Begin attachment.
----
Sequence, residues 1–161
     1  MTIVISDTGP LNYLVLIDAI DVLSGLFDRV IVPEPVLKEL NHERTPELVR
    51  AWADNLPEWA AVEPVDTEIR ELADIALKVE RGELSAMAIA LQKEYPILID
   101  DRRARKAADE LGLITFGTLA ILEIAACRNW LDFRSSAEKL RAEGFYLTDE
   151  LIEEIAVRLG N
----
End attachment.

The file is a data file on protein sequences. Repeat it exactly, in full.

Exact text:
Sequence, residues 1–161
     1  MTIVISDTGP LNYLVLIDAI DVLSGLFDRV IVPEPVLKEL NHERTPELVR
    51  AWADNLPEWA AVEPVDTEIR ELADIALKVE RGELSAMAIA LQKEYPILID
   101  DRRARKAADE LGLITFGTLA ILEIAACRNW LDFRSSAEKL RAEGFYLTDE
   151  LIEEIAVRLG N